The U.K. government has decided to keep generating electricity from biomass, which involves burning wood pellets, to meet its climate and renewable energy targets. However, biomass will still be more expensive than solar and onshore wind by the end of the decade, the NRDC says in a new study it recently conducted in cooperation with Vivid Economics.
“In reality, burning biomass for electricity not only undermines the United Kingdom’s climate change goals, it does so at huge taxpayer expense while diverting resources from cleaner and smarter investments,” the New York-based environmental advocacy group says.
Biomass plants rely on millions of tons of wood pellets imported from the southeastern U.S. and elsewhere for fuel. Developers of such projects also receive billions in subsidies, based on the assumption that biomass is a zero-carbon source of electricity, which the NRDC disputes. But by 2020, all forms of renewable energy will be more cost effective than carbon-emitting energy sources, it says.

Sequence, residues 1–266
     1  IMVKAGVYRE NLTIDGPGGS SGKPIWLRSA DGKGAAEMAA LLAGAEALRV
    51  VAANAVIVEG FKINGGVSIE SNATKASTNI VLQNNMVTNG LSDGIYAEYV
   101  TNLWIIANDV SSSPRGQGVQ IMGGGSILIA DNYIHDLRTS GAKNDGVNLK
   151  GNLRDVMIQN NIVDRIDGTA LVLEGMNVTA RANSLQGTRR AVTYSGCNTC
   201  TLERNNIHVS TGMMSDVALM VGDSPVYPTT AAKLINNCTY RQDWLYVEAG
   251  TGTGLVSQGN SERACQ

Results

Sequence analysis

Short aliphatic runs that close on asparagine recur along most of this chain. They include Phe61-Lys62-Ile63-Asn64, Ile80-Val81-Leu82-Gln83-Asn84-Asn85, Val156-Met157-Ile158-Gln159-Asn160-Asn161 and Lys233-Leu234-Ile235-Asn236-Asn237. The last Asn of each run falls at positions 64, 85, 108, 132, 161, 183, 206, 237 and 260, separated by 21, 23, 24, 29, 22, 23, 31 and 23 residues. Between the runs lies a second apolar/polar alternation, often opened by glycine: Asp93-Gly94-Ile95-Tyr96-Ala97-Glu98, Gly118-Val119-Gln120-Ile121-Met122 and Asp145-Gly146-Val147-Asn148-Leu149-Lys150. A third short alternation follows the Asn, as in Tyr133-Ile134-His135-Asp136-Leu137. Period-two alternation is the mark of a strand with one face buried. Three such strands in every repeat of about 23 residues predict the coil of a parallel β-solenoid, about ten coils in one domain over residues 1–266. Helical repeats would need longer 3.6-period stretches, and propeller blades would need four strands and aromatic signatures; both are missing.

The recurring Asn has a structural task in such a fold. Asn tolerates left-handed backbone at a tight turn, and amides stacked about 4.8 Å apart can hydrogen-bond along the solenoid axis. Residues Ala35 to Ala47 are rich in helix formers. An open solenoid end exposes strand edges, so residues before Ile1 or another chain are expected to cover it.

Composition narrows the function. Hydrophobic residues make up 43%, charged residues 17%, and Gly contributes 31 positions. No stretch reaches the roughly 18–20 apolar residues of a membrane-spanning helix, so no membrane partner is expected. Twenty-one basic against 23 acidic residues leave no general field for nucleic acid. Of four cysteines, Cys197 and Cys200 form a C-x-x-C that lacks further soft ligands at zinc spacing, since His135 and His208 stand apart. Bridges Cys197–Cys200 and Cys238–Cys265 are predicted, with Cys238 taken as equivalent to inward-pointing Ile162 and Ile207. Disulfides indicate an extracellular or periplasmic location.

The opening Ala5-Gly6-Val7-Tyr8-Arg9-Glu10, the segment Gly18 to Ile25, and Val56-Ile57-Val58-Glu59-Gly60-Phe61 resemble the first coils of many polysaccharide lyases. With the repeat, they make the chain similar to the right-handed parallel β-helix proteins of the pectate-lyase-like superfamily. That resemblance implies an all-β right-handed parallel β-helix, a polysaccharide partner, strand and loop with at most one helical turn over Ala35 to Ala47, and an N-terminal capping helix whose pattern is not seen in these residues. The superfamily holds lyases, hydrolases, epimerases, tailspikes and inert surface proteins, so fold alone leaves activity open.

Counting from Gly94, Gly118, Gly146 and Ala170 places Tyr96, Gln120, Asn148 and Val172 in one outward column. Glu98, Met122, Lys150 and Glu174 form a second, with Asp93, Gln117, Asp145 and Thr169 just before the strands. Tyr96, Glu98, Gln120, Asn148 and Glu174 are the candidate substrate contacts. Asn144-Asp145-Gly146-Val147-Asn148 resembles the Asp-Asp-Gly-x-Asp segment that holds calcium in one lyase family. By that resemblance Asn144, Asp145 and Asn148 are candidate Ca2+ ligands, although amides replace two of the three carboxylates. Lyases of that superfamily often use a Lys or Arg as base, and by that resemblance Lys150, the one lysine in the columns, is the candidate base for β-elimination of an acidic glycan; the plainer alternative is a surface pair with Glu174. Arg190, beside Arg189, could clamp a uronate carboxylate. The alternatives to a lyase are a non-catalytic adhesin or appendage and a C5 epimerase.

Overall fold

Furthermore, biomass will be more expensive than all forms of wind and solar by 2025. If more coal-fired plants are converted to biomass installations, they could become obsolete and uneconomic within a decade, the NRDC says. And the U.K. government risks wasting millions of pounds per year by continuing to subsidize coal-to-biomass conversions.
As an example, energy provider Drax has decided to convert its coal-fired plant in North Yorkshire – the largest emitter of CO2 in the U.K. — to biomass. However, if it focused its attention on a more economically viable long-term solution involving clean energy, notably solar and wind power, it would be a more cost-effective business plan, as well as a more environmentally friendly one.
The NRDC urges U.K. policymakers to cut subsidies for biomass projects in favour of investments in renewable sources such as solar and wind. The non-profit environmental advocacy group argues that a reliable, coal-free electricity grid is not only a possibility for the British government, but also the more economically viable long-term choice, given how the price of renewables has plummeted in the past few years.
Author: Frederic Brown
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